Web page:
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There are more than 60,000 7-Elevens across the planet.
But there is one country where the convenience store chain flopped.
In 2017, the chain of mini markets closed all of its stores there.
Here's why 7-Eleven failed in Indonesia.
Let's go back to 2009 when 7-Eleven got its start in the country.
7-Eleven's Indonesian rollout was run by a local operator, PT Modern Internasional.
Contrary to its American counterpart that capitalized on to-go items and late night munchies, 7-Eleven in Indonesia became a trendy hangout spot for locals.
It offered traditional 7-Eleven items like slurpees and snacks, but also fresh local food and alcohol.
7-Eleven was very popular with university students, really the 18 to 25 age range.
It was a place for them to hang out at all hours of the day, all hours of the night.
Before the alcohol ban that was imposed in 2015, this was a very popular spot to hang out, have a beer after class or after work, have free Wi-Fi, have a bite to eat.
As the business took off, Modern soon started to expand within the capital, Jakarta.
It opened its 21st store by 2010 and it hit 100 locations in 2012.
In 2014, the company hit peak sales of around 78 million with 190 stores.
The future of 7-Eleven in Indonesia seemed promising.
The stores remained crowded, but there was one problem.
People weren't spending money.
Well actually, there are some comment that yes, there is a huge crowd in 7-Eleven, but they might just buy one drink, one friend and sit for three hours.
The company also attributed its lack of sales to intense competition from existing and new competitors.
By 2016, the number of retail outlets in Indonesia had grown from 12,000 to 40,000 in just under a decade.
With mini markets being the sector's fastest growing segment Two of 7-Eleven's biggest competitors were Indonesian convenience stores Indomaret and Alphamart.
Both chains have a long history in the country and are top players in Indonesia's convenience store market.
7-Eleven had 190 stores in the country but its competitors store count absolutely squashed that.
As of 2017, there were more than 10,000 Alfamarts and roughly 15,000 Indomarets in Indonesia, giving Alfamart a 38% share of the market and Indomaret 47%.
That was the year 7-Eleven closed all of its shops.
But before that, it held just 0.7% of the market.
Regulatory issues also posed a major problem for 7-Eleven.
In 2015, Indonesia banned the sale of alcoholic beverages in convenience stores and mini markets.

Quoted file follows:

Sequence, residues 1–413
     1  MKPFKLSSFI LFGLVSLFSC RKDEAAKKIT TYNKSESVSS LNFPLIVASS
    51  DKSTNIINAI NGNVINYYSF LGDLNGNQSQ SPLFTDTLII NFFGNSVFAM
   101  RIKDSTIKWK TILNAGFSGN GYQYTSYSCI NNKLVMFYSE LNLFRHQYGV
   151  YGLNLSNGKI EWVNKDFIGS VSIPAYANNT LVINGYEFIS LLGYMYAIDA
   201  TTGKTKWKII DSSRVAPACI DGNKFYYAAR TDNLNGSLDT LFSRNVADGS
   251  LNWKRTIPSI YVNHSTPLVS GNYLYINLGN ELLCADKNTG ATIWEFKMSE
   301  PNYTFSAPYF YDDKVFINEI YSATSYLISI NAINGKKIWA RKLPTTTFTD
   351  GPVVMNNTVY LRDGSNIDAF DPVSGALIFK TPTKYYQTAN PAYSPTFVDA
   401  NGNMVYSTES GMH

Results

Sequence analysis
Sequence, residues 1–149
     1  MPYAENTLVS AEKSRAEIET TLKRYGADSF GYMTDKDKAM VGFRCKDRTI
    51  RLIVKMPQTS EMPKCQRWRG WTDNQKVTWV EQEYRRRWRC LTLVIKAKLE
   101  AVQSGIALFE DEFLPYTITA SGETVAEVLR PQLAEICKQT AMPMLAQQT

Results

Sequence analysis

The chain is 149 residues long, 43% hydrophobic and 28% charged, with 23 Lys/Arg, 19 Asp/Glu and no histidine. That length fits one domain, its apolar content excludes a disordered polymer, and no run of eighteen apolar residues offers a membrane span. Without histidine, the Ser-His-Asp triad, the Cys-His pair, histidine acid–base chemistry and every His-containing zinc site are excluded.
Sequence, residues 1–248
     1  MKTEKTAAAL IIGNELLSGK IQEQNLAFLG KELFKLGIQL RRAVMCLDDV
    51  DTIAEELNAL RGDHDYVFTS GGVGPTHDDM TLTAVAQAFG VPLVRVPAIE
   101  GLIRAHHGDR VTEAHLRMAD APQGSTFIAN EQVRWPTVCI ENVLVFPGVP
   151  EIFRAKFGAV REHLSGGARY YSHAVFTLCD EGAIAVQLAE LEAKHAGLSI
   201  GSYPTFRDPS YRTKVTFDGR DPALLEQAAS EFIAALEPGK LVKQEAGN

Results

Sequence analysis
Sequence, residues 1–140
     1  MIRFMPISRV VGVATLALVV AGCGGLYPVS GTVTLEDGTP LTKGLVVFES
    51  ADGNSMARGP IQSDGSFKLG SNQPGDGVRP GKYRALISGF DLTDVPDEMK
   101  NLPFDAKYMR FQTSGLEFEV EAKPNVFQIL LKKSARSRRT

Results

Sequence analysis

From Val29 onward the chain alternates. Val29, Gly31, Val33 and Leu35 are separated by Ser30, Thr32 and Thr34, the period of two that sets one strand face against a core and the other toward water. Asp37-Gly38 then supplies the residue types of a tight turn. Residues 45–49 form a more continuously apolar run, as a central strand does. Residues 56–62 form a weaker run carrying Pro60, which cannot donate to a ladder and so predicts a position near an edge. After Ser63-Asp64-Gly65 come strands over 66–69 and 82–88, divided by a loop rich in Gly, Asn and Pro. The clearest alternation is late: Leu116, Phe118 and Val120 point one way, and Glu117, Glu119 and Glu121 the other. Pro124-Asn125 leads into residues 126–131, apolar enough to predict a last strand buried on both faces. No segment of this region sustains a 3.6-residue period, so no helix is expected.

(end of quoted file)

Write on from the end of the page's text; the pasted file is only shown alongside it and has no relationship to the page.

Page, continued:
After the alcohol ban took effect, 7-Eleven's net sales dropped by nearly 24% over the next year.
Unlike 7-Eleven, its rivals Indomaret and Alfamart actually reported revenue gains that year.
Alfamart and Indomaret were able to withstand the ban because they offered a wider range of products and services.
7-Eleven's geographic reach posed another big problem.
The convenience store chain never managed to expand beyond Jakarta and its surrounding cities, but its rivals did.
They are located in Jakarta whereas other mini markets can expand outside of Jakarta.
One is, I think, the regulations for foreign ownership of or foreign franchise of convenience stores.
Because Indomaret and Alfamart, Alfamart and Indomaret are basically local brands.
So they have less restriction in terms of expansion to other citizen regions.
Modern also cited Indonesia's economic slowdown is a reason for its diminishing revenue.
The chain closed down 25 underperforming stores in 2016, to cut down operation losses, and Modern closed the remainder of its 7-Eleven stores in 2017.
However, a spokesperson from 7-Eleven said Indonesia is an important country for us.
This is not the end for 7-Eleven's business.
The company is hoping to find a new partner to renew its efforts and it has good reason to believe the right international partner will make all the difference.
Take Japan.
7-Eleven entered the country in 1974.
They partnered with Japanese chain Ito Yokado, forming York Seven Co. to operate its stores.
It was so successful that in 2005, it bought out the company.
Seven and i Holdings became the global owner of the American chain.
Today there are more than 20,000 7-Elevens in Japan.
The US has less than 9,000.
So seeking a new international partner may be the key to its success.
Indonesian consumers will just have to wait and see.
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Why 7-Eleven Failed In Indonesia

6616 Folder Collection
Liang Chen published on December 25, 2018    Liang Chen translated    Evangeline reviewed
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